By Christine O'Connell Baur
Widely one of the best works produced in Europe through the heart a long time, Dante's La Divina Commedia (The Divine Comedy) has encouraged numerous generations of readers, but strangely few books have tried to provide an explanation for the philosophical relevance of this nice epic. Dante's Hermeneutics of Salvation takes in this formidable project.
Turning to Heidegger to supply a theoretical framework for her research, Christine O'Connell Baur illustrates how Dante's poem invitations its readers to adopt their very own existential-hermeneutic trip to freedom. because the pilgrim progresses in his trip, she argues, he strikes past a simply literal, 'infernal' self-interpretation that's grounded on current attachments to objects on this planet. If we readers accompany the pilgrim during this hermeneutic conversion, we'll see that our personal existential commitments may help divulge the which means of our global and our personal finite freedom.
A paintings of substantial significance either for and lecturers and scholars of Dante experiences, Dante's Hermeneutics of Salvation also will end up invaluable to students operating in medieval stories, philosophy, and literary theory.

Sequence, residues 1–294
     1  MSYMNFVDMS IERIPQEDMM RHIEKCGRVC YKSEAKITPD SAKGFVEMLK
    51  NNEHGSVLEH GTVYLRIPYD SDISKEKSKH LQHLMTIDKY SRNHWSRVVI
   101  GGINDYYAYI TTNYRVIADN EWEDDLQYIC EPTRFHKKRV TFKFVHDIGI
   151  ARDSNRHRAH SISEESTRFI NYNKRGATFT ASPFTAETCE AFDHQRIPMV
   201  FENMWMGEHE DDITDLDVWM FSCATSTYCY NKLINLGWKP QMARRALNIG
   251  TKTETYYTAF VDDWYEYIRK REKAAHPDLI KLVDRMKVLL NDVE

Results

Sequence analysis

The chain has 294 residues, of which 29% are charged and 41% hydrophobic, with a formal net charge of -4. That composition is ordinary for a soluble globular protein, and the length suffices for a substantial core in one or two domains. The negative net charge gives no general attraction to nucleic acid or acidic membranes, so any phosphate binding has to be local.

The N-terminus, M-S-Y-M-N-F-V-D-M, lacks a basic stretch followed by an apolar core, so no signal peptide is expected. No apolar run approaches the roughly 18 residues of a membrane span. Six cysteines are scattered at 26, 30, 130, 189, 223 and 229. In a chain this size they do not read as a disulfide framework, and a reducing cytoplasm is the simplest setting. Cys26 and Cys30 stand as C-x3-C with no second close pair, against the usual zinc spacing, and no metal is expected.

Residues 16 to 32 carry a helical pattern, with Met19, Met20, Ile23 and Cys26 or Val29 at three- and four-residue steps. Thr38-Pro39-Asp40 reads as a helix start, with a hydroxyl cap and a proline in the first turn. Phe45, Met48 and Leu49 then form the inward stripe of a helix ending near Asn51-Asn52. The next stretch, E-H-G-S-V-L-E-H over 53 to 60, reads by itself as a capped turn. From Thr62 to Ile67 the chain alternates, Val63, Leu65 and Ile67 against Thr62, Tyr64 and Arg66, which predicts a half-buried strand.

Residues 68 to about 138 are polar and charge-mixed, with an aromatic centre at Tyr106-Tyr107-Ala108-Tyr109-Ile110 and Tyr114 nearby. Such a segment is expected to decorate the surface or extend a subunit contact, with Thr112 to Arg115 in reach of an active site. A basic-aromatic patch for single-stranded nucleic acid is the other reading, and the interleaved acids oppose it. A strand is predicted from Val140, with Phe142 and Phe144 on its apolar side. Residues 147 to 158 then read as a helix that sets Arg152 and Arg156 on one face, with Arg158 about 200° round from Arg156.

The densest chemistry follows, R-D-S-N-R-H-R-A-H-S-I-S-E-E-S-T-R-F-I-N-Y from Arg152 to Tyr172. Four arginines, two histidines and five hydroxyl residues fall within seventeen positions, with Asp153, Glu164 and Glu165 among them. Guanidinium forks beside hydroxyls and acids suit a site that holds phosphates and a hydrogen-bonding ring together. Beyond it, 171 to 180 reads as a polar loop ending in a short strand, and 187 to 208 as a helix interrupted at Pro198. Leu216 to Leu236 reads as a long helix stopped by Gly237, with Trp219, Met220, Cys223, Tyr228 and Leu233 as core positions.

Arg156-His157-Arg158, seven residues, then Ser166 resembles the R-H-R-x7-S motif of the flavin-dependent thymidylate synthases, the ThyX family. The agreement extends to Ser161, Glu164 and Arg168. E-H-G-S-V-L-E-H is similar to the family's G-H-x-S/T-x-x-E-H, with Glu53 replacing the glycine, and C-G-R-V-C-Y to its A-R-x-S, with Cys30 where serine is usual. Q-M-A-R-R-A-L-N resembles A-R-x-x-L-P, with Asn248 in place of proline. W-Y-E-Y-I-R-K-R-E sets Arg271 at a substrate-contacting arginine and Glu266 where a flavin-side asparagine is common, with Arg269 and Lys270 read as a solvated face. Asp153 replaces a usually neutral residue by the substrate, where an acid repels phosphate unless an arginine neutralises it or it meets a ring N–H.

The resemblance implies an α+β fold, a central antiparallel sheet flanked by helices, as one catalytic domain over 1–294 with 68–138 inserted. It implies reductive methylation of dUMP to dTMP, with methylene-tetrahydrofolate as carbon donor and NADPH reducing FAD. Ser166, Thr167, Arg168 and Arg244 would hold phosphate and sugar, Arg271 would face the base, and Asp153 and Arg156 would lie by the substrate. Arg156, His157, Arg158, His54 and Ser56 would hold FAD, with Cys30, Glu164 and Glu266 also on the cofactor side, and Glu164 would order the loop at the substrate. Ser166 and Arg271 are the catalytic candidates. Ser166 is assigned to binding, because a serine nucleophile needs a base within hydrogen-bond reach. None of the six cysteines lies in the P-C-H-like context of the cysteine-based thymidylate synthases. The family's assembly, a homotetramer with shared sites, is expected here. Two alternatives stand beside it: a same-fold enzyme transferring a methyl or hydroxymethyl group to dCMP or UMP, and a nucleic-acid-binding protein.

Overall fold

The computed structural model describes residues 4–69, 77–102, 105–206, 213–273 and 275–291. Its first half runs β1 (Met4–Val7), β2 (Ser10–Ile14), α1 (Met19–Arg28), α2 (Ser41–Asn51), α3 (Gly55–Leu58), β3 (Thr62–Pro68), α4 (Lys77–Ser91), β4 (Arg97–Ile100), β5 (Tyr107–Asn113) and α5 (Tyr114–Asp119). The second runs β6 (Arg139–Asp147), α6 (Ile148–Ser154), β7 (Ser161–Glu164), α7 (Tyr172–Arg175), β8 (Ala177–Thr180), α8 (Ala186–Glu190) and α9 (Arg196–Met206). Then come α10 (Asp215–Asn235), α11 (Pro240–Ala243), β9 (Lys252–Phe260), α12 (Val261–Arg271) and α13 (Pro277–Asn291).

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Additional info for Dante’s Hermeneutics of Salvation: Passages to Freedom in The Divine Comedy
What is the point of introducing the duality between Dante-as-pilgrim and Dante-as-poet? The answer, as I have hinted at before, is that for Dante the very meaning of his vision in the afterlife is bound up with the process by which such a vision is achieved and articulated. Accordingly, Dante’s vision ultimately cannot be understood merely as his passive reception or beholding of what is there to be seen. His theoretical vision acquires its full meaning only through his recounting of his own activity in achieving it.
Moving from one realm to the other requires that one believe that the meaning of one’s world and oneself is not predetermined or assigned to one, but partly chosen by oneself. In other words, in order to get out of the inferno, one must understand and act upon the meaning of one’s own freedom. To put it negatively, understanding oneself as unfree and understanding the world and circumstances as simply given and determined apart from one’s own activity are what it means to be in the inferno. I. 2.
The Duality of the Temporal and Eternal Orders Augustine’s and Dante’s understanding of language as salvific suggests that to regard the mediation between being and knowing merely as Language, Mediation, and Salvation in Dante’s Commedia 23 something to be overcome is to oversimplify. To regard the need for interpretation merely as a problem to be overcome is to pretend to see only one side of a duality between being and its appearances, or between what Dante experienced and his text, or between God and His signs.